The Day of the Dead is celebrated throughout Mexico, Central America and in many Latino communities in the U.S. as a way to honor deceased family and friends by creating altars or ofrendas.
This altar, An Ofrenda for Dolores del Rio by Amalia Mesa-Bains (1984, revised 1991), is currently on view in the exhibition “Our America: The Latino Presence in American Art” at the Smithsonian American Art Museum.
Mesa-Bains created this work to honor Dolores del Rio, the Mexican actress who dazzled audiences in the United States and Mexico from the 1920s until her death in 1983. More about this piece and the life of del Rio from our American History Museum
Altar de Muertos by Academic Technologies, The University of Texas at El Paso (UTEP) - 2013 Dia de los Muertos celebration submitted by Janet Hill, Multimedia Specialist @AT_UTEP.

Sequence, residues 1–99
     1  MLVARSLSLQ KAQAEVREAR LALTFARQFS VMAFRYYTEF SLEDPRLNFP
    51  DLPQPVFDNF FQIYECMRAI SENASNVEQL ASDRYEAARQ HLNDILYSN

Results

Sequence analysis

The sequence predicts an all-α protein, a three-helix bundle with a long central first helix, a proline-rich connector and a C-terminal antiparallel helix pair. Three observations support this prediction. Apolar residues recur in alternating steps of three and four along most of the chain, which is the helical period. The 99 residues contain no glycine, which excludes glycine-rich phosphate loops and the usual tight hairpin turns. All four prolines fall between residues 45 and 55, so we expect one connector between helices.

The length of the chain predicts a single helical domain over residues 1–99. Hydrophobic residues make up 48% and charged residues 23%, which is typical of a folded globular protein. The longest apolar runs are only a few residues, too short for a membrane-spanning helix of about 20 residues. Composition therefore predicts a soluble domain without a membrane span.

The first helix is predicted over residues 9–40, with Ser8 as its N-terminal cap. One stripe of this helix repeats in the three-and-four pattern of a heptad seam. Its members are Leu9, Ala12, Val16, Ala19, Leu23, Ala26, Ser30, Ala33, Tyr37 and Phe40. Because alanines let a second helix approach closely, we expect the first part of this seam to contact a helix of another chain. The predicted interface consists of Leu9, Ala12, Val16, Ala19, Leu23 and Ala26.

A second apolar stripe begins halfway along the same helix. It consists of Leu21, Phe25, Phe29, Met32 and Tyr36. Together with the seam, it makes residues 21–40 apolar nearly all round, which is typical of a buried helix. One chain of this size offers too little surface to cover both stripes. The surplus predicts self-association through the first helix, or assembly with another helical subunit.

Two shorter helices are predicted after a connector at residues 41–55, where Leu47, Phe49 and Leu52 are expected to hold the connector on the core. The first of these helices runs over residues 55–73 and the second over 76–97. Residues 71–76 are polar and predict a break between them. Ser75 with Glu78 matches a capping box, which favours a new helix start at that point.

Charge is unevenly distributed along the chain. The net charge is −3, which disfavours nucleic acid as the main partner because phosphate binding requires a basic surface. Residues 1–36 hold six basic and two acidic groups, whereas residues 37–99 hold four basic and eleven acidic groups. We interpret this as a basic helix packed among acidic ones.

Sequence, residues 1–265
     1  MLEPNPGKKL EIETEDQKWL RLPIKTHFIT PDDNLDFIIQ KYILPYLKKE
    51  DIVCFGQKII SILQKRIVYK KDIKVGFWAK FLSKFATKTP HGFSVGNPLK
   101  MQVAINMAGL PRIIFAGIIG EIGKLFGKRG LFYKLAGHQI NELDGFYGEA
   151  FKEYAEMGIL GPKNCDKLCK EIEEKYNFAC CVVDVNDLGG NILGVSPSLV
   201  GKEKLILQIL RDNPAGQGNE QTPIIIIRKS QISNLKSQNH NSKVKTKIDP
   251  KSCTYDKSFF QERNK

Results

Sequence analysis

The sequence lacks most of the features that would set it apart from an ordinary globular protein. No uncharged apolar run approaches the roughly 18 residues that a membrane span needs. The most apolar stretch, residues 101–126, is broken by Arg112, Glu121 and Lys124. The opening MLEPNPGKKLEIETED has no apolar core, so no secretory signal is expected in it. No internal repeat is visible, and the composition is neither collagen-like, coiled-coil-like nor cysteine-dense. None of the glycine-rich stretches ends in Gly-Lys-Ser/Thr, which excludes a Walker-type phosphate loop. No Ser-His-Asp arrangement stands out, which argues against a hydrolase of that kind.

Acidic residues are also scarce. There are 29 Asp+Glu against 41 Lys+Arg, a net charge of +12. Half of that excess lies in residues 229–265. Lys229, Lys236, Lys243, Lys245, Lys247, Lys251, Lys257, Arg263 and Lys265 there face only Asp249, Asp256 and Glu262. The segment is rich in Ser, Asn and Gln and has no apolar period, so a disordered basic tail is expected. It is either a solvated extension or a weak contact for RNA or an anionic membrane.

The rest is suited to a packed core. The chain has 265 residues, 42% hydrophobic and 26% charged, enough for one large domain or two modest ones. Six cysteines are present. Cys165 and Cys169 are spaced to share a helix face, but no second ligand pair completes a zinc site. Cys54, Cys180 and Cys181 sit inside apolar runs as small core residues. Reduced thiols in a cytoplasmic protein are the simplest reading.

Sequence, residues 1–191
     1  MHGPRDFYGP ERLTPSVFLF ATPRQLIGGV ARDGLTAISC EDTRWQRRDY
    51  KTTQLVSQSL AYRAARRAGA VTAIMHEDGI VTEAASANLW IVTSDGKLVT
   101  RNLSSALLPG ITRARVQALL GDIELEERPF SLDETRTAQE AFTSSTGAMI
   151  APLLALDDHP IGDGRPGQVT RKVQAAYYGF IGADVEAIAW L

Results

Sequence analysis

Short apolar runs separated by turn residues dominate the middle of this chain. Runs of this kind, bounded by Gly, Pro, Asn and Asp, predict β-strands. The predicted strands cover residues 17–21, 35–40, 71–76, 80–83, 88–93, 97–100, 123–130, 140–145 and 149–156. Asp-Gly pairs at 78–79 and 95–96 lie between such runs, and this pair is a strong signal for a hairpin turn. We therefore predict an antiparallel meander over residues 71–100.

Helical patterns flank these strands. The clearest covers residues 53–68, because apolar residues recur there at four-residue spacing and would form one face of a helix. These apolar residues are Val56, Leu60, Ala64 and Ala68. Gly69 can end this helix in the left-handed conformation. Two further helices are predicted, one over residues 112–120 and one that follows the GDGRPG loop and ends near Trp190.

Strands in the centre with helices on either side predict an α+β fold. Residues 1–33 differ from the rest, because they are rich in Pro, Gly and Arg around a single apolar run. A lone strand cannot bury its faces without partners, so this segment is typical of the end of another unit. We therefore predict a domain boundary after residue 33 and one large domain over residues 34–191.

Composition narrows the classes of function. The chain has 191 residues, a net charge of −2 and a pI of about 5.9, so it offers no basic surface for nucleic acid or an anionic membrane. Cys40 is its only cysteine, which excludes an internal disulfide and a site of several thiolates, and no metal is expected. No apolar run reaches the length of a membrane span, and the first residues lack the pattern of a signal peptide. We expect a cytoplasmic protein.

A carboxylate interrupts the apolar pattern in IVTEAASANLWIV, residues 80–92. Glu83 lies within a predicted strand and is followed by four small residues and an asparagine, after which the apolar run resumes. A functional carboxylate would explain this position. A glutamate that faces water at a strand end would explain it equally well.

The Day of the Dead celebrates, not only those who’ve passed, but our own mortality. And for this week’s Shooting Challenge, you adopted its powerful symbol: The human skull.
by @marieae “recordando los que han pasado #diadelosmuertos #familia #chosenfamilyalter #restinpeaceAlKinsglow” via @InstaReposts - Thank you too all who shared their ofrendas with us for this year’s Dia de los Muertos celebration. Your offerings to your loved ones we’re touching and heartfelt. We look forward to more opportunities for you to share your stories and experiences with the Smithsonian Latino Virtual Museum. Muchas Gracias! #lvmdayofdead
by @pro_art_studio “El beso de la muerte #proartstudio #rostrosmuertosmx #rostrosmx #imexicoart #igersqro_calaveras #igersguadalajara #igerspuebla_muertos #diadelosmuertos #mexicanCulture #makeup #makeupartist #candyskull #calaca” via @InstaReposts - Thanks for for sharing your ofrendas! We hope you enjoyed a wonderful Dia de los Muertos! Gracias!